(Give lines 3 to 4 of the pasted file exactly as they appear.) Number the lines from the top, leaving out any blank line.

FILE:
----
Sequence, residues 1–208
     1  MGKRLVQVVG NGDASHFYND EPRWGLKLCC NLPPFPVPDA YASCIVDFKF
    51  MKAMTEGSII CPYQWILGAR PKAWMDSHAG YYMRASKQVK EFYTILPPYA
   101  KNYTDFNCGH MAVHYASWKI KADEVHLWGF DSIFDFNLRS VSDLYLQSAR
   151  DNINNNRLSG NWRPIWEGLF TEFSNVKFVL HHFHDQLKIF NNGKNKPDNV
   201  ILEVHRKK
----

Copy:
    51  MKAMTEGSII CPYQWILGAR PKAWMDSHAG YYMRASKQVK EFYTILPPYA
   101  KNYTDFNCGH MAVHYASWKI KADEVHLWGF DSIFDFNLRS VSDLYLQSAR